California’s Redistricting Commission votes to adopt prison gerrymandering reform

Unanimous decision follows state legislature’s recommendation to count incarcerated people at home

by Ginger Jackson-Gleich, January 12, 2021

After the 2010 redistricting cycle, the California legislature passed a collection of bills—AB 420 (2011), AB 1986 (2012), AB 2172 (2018), and AB 849 (2019)—that sought to end prison gerrymandering at all levels of government.

At the local level, that legislation requires city and county governments to adjust redistricting data by counting incarcerated people in their home communities, rather than at the correctional facilities where they are detained. At the state level, the legislation recommends that the Citizens Redistricting Commission make that same adjustment.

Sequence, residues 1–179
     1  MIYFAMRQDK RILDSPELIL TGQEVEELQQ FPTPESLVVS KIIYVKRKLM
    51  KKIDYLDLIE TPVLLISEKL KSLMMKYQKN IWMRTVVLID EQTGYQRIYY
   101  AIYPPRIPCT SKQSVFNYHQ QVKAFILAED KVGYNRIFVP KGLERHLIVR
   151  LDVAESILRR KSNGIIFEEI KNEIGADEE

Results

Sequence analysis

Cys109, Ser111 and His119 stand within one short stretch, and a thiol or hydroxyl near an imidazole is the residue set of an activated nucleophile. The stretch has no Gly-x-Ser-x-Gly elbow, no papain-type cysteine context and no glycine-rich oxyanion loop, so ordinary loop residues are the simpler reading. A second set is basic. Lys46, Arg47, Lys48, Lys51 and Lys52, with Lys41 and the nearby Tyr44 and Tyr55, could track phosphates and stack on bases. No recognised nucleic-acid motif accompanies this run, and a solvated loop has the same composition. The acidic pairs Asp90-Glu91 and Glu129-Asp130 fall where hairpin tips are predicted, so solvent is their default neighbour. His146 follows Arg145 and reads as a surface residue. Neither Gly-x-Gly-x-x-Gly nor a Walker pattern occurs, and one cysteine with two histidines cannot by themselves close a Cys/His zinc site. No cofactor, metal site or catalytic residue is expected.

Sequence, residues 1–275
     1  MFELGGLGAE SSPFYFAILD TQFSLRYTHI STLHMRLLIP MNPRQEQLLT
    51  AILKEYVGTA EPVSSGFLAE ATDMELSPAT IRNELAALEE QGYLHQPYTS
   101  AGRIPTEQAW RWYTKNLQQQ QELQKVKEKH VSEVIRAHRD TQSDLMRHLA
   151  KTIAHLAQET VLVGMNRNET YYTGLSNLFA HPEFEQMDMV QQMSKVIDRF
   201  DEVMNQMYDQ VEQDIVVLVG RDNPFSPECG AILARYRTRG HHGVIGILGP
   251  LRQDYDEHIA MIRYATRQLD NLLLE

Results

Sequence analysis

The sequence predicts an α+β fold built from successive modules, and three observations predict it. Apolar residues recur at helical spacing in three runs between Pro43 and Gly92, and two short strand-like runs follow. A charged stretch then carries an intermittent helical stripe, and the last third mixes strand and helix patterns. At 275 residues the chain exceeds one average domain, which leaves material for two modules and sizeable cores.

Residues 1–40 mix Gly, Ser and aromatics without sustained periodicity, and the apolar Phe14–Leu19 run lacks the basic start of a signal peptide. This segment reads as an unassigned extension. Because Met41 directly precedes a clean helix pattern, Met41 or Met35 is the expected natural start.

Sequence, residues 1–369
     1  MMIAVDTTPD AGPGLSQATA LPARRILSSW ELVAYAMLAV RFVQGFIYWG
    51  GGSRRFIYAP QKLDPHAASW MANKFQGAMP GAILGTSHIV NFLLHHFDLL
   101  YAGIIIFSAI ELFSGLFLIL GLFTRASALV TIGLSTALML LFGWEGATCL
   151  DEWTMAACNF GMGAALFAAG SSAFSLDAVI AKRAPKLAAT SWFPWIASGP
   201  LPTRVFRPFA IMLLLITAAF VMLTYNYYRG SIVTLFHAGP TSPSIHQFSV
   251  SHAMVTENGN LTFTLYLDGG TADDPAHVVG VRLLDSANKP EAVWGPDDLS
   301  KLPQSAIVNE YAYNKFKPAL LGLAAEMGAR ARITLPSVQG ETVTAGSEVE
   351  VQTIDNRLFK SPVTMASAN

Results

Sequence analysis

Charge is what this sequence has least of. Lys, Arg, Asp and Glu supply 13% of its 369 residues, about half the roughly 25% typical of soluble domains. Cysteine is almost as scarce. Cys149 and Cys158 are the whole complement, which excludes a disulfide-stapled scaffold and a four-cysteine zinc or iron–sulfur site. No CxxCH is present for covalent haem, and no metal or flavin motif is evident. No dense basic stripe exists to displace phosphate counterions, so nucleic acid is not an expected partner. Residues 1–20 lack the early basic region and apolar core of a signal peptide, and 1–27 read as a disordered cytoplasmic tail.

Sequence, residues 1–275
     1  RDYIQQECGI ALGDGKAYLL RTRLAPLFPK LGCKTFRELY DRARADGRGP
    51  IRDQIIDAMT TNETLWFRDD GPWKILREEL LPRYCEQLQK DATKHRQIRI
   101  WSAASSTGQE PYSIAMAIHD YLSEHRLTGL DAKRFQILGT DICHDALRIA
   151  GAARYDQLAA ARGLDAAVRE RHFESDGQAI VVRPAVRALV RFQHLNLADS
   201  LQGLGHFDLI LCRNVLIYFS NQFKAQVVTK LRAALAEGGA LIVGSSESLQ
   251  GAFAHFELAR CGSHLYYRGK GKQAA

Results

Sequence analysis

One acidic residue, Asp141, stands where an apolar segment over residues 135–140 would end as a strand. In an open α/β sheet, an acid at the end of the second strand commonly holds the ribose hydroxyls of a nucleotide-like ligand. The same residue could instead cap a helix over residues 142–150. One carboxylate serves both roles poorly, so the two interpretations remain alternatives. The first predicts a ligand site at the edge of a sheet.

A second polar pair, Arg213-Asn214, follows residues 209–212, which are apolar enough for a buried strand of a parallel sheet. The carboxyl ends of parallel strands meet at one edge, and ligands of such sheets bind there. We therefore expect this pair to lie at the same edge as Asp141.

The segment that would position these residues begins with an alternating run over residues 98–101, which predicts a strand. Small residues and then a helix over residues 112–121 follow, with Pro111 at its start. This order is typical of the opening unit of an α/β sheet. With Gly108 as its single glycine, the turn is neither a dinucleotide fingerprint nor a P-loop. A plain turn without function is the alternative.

This morning, the Commission convened to discuss and vote on that recommendation. At the close of the meeting, the Commission adopted the legislature’s recommendation through a unanimous, bipartisan vote of all those present.

The vote followed presentations by our own Aleks Kajstura and by Karin Mac Donald, Director of California’s Statewide Database and the Election Administration Research Center at UC Berkeley, as well as the submission of a letter from Assemblymember Shirley Weber, Ph.D., author of AB 2172 and newly designated Secretary of State for California.

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